As people in a very small country, Mauritians have no choice but to be globally involved. Withdrawing into an illusionary self-sufficiency would make Mauritius much more vulnerable. It is diversification – into activities with multiple competitive advantage – that will make Mauritius vulnerable. Just recall the days when people’s lives depended on sugar and sugar alone.
* The “national unity government” which brought the Labour Party and the PMSD together into a “development coalition” compelled SSR to share power with his erstwhile political rival, Gaetan Duval. In the same breath however, it spelled the end of the PMSD – and stifled Duval’s aspiration to become Prime Minister himself. Duval should have been alive to that impending consequence for the PMSD and himself, and to the lost opportunity to wrest power from Ramgoolam at the next election. Why do you think did he go along with Ramgoolam nevertheless?
From what I’ve been told, SSR was very persuasive. I think also Duval was realistic that he was unlikely to ever be directly elected as prime minister. In hindsight, plausibly, they could have negotiated something along the lines of the compromise with Bérenger and the MMM, that allowed Bérenger to become PM. But I think the compromise showed the Duval had national interests in mind as much as his own. Within the national unity government, Duval had extraordinary opportunities for crafting the foreign economic policy of the government. He would not have been able to do that in opposition. And the times were very uncertain. Capitalism itself sometimes seemed to be at stake.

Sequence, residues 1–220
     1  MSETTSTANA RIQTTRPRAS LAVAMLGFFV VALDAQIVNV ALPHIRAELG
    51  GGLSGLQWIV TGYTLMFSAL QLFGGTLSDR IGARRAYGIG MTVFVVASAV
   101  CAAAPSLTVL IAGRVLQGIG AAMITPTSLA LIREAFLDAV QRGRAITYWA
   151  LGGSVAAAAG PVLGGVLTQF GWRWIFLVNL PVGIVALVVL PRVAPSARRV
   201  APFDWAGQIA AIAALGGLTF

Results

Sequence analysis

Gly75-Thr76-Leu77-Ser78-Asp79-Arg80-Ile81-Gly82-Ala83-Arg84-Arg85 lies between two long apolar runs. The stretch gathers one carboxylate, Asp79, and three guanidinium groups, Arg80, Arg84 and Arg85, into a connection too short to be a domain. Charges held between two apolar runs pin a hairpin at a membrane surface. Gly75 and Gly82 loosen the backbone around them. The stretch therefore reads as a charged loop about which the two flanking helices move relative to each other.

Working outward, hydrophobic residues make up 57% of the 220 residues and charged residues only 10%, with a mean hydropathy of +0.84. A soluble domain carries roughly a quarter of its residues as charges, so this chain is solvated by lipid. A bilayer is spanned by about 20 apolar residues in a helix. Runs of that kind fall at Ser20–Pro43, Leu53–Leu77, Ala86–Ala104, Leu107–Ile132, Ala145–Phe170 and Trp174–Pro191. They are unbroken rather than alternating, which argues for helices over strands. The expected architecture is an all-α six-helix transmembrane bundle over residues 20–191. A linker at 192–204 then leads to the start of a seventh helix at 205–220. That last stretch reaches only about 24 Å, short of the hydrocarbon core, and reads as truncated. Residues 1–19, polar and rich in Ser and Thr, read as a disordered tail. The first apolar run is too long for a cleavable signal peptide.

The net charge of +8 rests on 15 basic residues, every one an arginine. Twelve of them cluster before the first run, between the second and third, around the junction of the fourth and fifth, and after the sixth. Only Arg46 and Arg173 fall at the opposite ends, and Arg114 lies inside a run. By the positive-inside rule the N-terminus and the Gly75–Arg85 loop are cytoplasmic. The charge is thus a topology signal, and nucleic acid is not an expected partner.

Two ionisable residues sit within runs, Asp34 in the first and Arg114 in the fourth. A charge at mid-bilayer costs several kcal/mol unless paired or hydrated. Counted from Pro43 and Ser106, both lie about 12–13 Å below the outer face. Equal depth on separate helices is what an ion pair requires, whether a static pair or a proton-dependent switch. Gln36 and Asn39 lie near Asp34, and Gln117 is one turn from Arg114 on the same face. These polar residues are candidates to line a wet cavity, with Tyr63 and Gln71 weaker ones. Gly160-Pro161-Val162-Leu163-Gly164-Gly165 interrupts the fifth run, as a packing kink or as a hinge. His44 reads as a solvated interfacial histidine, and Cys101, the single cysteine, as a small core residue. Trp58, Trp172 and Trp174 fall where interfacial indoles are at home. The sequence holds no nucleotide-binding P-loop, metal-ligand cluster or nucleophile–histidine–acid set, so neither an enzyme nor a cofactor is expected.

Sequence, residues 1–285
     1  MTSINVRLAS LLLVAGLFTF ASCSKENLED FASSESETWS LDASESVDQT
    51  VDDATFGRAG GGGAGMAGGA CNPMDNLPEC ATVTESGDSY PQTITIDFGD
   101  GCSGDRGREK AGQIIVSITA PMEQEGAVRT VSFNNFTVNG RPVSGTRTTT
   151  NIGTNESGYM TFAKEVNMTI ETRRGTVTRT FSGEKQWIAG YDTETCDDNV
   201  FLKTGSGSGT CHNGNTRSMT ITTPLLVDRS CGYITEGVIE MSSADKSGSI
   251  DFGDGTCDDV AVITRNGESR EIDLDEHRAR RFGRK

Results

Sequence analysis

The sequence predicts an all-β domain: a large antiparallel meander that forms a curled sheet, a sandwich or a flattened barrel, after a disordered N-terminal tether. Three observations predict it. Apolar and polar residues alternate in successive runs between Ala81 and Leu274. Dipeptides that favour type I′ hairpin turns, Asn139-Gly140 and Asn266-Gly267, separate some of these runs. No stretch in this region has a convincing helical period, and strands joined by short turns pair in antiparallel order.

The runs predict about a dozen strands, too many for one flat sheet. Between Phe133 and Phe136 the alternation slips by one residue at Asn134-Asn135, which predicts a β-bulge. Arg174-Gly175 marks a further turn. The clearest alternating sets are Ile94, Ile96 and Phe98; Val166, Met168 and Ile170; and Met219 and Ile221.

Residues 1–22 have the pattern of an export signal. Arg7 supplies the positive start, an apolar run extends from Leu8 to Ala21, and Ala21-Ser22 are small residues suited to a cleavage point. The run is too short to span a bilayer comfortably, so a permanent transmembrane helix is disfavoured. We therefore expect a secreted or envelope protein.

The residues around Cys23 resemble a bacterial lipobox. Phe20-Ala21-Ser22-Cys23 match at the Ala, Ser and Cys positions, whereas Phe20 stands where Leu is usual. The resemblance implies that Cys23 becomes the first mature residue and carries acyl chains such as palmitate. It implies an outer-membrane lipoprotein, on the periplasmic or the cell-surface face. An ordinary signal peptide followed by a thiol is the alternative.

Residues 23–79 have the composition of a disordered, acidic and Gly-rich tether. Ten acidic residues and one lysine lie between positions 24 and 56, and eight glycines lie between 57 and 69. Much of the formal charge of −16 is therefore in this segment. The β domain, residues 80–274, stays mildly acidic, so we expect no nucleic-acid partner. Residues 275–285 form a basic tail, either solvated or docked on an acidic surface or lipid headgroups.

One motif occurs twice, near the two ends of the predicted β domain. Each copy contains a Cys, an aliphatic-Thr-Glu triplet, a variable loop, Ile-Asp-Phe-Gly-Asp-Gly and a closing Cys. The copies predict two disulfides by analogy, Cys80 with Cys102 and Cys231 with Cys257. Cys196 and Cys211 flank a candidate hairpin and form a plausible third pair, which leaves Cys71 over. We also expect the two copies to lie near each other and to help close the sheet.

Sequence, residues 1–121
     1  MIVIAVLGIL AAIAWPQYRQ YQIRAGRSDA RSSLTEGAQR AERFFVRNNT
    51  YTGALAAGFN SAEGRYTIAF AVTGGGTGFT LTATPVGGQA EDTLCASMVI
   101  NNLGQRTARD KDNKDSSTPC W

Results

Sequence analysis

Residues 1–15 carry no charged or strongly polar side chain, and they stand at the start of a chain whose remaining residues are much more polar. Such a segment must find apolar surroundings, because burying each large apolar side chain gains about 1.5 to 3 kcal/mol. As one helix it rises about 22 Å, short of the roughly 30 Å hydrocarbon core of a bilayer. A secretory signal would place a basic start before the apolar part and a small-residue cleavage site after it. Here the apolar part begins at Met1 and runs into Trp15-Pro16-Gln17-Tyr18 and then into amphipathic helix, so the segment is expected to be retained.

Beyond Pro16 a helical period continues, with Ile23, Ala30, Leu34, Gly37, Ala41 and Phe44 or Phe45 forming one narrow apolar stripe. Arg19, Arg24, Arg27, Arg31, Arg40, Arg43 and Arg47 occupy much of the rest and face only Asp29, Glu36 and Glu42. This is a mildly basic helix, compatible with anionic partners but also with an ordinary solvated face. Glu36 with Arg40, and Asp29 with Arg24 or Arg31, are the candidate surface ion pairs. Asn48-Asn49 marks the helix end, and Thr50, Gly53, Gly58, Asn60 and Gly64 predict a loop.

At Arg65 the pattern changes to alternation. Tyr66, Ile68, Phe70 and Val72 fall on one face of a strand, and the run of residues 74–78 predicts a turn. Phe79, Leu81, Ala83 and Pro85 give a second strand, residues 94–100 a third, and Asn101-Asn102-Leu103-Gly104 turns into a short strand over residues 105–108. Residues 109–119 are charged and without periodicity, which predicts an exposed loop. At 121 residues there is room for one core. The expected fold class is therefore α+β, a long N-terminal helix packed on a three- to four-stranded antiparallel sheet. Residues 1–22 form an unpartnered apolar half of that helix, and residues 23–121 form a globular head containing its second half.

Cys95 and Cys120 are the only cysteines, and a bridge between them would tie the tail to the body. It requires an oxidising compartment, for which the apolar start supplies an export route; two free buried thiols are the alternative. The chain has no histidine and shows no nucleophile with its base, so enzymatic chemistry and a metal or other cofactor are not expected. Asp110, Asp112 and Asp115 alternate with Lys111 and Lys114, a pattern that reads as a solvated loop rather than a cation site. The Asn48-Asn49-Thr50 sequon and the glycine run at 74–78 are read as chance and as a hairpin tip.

* The Labour-PMSD coalition decision to amend the Constitution and to postpone elections until 1976 provided the grounds for the MMM and other opponents of that Coalition to question the democratic credentials of the leaders of the Labour-PMSD government, in particular that of SSR. You suggest in your paper that with that decision “Mauritius looked a bit like Singapore” during “this brief period of more authoritarian democratic rule” and that in effect it “helped provide a breathing space for several key economic pillars to be consolidated”. Do you mean to say that that decision saved Mauritius at a critical juncture of its history?
I would never like to say that being authoritarian and avoiding elections saved a country. Mauritius would have muddled through in any case. This period will continue to be debated. But I do think that the outcome was a “socialization” of the MMM, allowing them time to mature without gaining responsibility for governing too early.